The Intelligent Community Forum recently named 2013's top seven "Intelligent Communities."
The list includes three cities from North America—two of which are in Canada—two from Taiwan, and two from Europe.
“The top seven communities of 2013 have made innovation based on information and communications technology the cornerstone of their economies and fostered economic growth through high-quality employment, while increasing the quality of life of their citizens,” said Lou Zacharilla, ICF cofounder, last week.
The ICF 2013 Top7 are Columbus, USA; Oulu, Finland; Stratford, Canada; Taichung City, Taiwan; Tallinn, Estonia; Taoyuan County, Taiwan; and Toronto, Canada. According to the ICF, these cities demonstrate how to embrace technology in order to gain "several advantages," such as new jobs.
Here's what the ICF says about Stratford:
The city-owned utility has built out a 70 km open access fiber network with a wifi overlay and signed sales agreements with commercial carriers to deliver triple-play and mobile services. The city has used the network to slash its own telecom costs and power a smart meter program. Adopting the triple-helix approach to innovation, it has turned Stratford into a test bed for technology pilots for such companies as Toshiba, Research in Motion and Cisco as well as for institutions including Clemson University and the University of Waterloo. For an economy in transition, the business trends in Stratford offer validation that the city is on the right track.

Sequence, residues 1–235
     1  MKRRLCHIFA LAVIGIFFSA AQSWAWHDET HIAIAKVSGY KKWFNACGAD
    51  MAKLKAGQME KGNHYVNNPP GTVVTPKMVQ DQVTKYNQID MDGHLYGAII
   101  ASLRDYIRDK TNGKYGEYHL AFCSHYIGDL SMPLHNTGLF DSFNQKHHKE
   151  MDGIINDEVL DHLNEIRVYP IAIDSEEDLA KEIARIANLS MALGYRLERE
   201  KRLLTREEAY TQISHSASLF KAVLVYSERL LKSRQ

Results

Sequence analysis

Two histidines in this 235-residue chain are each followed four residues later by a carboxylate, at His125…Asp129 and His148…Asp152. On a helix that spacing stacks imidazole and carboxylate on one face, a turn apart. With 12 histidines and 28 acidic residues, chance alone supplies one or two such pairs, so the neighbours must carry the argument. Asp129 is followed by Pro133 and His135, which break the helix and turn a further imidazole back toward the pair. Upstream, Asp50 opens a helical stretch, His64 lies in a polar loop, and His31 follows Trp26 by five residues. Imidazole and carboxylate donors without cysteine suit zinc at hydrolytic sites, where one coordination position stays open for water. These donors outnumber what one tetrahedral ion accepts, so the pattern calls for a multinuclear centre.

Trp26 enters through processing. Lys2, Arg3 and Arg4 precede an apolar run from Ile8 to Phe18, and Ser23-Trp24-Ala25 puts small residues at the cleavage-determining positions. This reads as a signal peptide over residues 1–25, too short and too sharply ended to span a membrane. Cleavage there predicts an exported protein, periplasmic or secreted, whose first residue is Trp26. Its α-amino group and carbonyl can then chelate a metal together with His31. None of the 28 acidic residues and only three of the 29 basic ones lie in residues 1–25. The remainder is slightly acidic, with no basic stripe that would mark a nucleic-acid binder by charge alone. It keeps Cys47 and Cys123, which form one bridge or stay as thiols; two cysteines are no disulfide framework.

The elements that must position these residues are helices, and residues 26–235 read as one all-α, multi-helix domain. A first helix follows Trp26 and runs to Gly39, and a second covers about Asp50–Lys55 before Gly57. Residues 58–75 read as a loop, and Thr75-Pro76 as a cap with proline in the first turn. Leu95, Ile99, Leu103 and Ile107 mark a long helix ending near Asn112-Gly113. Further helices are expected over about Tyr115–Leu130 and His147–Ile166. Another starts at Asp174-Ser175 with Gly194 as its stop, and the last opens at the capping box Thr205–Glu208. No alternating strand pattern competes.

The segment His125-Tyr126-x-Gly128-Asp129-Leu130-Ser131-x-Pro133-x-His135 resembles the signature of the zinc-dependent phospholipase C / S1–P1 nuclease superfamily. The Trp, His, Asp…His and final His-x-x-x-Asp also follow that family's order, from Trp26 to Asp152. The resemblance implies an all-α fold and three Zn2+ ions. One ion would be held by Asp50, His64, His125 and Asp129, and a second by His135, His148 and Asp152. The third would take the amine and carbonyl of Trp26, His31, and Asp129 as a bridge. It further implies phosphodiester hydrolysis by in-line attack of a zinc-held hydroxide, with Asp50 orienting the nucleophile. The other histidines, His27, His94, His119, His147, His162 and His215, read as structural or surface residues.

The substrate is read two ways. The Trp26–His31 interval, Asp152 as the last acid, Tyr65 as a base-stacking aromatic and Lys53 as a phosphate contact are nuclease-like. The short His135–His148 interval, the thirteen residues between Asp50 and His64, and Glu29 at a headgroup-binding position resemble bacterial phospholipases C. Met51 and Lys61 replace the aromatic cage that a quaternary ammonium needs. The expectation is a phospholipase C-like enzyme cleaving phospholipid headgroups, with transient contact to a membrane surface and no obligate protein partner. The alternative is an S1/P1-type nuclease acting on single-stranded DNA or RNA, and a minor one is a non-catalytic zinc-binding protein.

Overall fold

And here's what the ICF says about Toronto:
Waterfront Toronto, North America’s largest urban renewal project, is transforming a vast brownfield zone at the edge of Lake Ontario into a new city center with 40,000 residential units, one million square meters of commercial space and 300 hectares of parks. A new center for knowledge industries in North America’s third-largest knowledge economy, it will be served by a 1 Gbps fiber-to-the-premise network and integrate green technologies and practices into every aspect of its design and operations. From Internet access and training in public libraries to a kids@computers program that funds technology for low-income families, Toronto is working to extend the benefits of its success to every part of society. In the process, it is preparing citizens and businesses to compete and win in a global market.
The Intelligent Community Forum also noted that Kingston and Winnipeg came close to making this list.